Chronicles of a Windows Mobile User Gone Symbian: Part 4


One of the things that has always been really difficult to do on a small screened mobile device is browse the web. Many phones don’t even attempt to render full HTML web pages, and the ones that do generally try to reformat the page so that it’s easier for the user to read. Windows Mobile’s Internet Explorer has options to collapse the entire web page into one long-scrolling column. This is great for smaller pages, but it makes larger pages completely unbearable to navigate. You can also render them in regular desktop fashion, but you’ve still got a ton of horizontal and vertical scrolling to see the page. This is even more unbearable. That’s one of the reasons I generally stick to the mobile-friendly type websites on my Windows Mobile devices.

The Nokia N95, on the other hand, has a much more functional web browser based on the open source Webkit project which happens to be the same code that Apple based their iPhone’s web browser on. So that means web pages render, for the most part, just like they would on a desktop computer. Now, since the N95 does not have a touch screen, you won’t be pushing it around and zooming in with your fingers. You’ll have to use the D-pad to pan and scroll, and zooming is available in the menus. This may sound kind of annoying, but Nokia has added a web page mini map which pops up in the corner when you start doing some significant scrolling. This way you can see a thumbnail overview of the whole page and quickly move your zoomed-in view to different parts of the page.

The Nokia Browser actually shows the page’s unformatted HTML code first before it downloads the CSS. I wish they had added the ability to not use the CSS at all (like Firefox), because I actually kind of like only having to scroll through one column of unformatted nicely readable plain text.

Anyway, there are some other nice usability features in the Nokia Browser. Text within a column is re-ragged to fit within the width of your screen. That means you don’t have to scroll left and right each time you read a line. You only have to scroll horizontally to access other columns. Also, there is a mouse pointer in this browser and it has a tendency to jump to the next active link. This makes it easier to access the thing you want to click on.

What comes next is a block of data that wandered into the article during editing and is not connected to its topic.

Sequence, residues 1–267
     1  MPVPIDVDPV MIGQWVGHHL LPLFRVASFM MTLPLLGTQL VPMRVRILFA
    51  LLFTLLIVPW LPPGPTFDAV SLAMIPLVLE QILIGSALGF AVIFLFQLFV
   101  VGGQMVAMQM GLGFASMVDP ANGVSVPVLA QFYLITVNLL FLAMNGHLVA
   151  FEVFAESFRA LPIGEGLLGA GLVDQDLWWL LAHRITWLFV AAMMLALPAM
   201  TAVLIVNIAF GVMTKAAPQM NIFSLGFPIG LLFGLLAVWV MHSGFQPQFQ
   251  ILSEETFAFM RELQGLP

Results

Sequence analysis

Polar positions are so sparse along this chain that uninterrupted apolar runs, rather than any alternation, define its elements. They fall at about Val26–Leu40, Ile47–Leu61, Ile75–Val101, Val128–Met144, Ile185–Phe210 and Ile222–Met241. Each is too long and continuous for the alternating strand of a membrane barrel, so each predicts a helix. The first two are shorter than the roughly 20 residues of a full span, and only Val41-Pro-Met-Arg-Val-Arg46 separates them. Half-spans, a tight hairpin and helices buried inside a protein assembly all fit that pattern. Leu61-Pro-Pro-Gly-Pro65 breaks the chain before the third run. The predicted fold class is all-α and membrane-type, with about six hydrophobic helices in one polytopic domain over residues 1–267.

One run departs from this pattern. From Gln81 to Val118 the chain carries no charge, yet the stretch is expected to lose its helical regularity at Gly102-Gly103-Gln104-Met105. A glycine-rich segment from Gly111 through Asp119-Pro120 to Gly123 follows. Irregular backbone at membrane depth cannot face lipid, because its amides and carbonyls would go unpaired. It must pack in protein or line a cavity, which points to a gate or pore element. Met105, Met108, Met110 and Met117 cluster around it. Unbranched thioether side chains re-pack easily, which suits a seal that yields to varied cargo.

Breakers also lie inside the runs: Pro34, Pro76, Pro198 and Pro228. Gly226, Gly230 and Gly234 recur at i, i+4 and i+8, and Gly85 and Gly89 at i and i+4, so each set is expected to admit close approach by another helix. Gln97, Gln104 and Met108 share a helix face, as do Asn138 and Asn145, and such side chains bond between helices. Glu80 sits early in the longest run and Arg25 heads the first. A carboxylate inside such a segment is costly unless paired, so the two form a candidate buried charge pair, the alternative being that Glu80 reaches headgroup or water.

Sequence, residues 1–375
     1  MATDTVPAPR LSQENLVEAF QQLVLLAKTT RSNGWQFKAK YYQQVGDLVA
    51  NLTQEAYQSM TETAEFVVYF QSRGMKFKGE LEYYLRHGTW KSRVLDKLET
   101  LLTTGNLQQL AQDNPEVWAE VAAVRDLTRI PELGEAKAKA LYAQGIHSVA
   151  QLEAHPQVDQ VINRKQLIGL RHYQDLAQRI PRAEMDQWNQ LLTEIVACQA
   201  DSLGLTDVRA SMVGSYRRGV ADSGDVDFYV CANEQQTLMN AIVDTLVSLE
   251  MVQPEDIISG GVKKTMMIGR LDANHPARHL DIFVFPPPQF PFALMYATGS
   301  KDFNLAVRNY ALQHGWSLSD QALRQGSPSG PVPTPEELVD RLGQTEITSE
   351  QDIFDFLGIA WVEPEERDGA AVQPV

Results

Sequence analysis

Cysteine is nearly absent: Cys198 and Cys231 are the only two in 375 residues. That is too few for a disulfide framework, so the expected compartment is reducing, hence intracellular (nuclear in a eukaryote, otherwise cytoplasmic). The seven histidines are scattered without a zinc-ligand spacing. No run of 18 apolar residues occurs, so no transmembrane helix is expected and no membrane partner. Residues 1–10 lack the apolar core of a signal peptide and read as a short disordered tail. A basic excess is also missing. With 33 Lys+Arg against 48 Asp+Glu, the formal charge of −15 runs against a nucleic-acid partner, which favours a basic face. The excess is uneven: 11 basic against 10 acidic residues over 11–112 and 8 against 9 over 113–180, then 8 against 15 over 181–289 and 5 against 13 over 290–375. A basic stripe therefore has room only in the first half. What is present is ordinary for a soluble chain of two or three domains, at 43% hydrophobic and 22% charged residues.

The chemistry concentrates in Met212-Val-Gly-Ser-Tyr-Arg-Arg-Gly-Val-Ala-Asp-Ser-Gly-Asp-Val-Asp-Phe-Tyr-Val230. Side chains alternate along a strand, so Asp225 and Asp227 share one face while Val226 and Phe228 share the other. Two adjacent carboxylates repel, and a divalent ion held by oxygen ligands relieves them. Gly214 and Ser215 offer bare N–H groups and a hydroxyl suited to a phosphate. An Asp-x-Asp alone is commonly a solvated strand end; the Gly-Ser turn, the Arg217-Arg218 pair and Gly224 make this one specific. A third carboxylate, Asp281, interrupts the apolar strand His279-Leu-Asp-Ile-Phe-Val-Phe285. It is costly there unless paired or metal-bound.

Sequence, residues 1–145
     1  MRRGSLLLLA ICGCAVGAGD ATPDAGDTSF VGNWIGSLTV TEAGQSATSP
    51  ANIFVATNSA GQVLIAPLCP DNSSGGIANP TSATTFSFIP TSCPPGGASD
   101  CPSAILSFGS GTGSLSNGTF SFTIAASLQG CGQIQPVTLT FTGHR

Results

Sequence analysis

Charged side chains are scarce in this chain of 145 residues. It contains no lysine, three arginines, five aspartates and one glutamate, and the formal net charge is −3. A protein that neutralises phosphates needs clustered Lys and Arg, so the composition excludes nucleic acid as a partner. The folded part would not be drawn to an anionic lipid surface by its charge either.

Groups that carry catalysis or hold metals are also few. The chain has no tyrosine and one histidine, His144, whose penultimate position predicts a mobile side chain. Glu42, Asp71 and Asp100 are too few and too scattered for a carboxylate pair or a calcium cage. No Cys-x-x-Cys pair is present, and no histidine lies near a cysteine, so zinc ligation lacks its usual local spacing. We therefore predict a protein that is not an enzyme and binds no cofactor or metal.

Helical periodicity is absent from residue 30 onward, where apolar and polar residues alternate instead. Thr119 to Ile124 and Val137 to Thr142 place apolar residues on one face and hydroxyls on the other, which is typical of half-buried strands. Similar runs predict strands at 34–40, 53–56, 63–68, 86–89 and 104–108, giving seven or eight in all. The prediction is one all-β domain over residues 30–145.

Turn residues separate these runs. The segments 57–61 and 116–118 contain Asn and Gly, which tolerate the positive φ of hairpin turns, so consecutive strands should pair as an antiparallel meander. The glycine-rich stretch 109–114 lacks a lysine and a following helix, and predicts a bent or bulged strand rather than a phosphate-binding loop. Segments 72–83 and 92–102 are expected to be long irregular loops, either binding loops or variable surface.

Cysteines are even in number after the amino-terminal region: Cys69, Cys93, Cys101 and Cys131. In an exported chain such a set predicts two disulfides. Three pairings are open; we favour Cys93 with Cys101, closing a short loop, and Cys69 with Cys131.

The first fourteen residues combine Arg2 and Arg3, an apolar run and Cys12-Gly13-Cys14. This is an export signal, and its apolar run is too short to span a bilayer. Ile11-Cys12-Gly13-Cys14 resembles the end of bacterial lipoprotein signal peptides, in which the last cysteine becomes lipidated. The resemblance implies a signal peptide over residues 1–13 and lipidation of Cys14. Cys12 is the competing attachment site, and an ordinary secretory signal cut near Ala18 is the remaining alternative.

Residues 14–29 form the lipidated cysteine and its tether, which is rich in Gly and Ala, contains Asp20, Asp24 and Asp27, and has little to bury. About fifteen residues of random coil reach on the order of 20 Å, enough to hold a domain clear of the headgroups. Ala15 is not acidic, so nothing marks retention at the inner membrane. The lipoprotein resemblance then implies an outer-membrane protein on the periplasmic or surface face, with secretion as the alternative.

On the more potentially annoying and buggy side, the browser does support javascript and Adobe Flash. That means you might get big windows popping up when you mouse-over certain links, flash animations might slow your phone to a crawl, and the browser might crash on you when it tries to process problematic coding. The good news is you can shut off those features in the Settings.

A couple more final touches: the “Back” button doesn’t just load the previous page you were on, it brings up a thumbnail list of previously visited pages that you can jump to. Very nice! And lastly, you can set an automatic update interval for RSS web feeds that you’ve bookmarked.

If Microsoft is reading this, you better get that Deepfish technology built into Pocket Internet Explorer pronto, ‘cause Apple and Symbian are way ahead of the game in the mobile browser department.

See also:

Chronicles of a Windows Mobile User Gone Symbian: Part 3

Chronicles of a Windows Mobile User Gone Symbian: Part 2

Chronicles of a Windows Mobile User Gone Symbian: Part 1

Nokia N95 in the House!

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About The Author
Adam Z. Lein
Adam has had interests in combining technology with art since his first use of a Koala pad on an Apple computer. He currently has a day job as a graphic designer, photographer, systems administrator and web developer at a small design firm in Westchester, NY. His love of technology extends to software development companies who have often implemented his ideas for usability and feature enhancements. Mobile computing has become a necessity for Adam since his first Uniden UniPro PC100 in 1998. He has been reviewing and writing about smartphones for since they first appeared on the market in 2002. Read more about Adam Lein!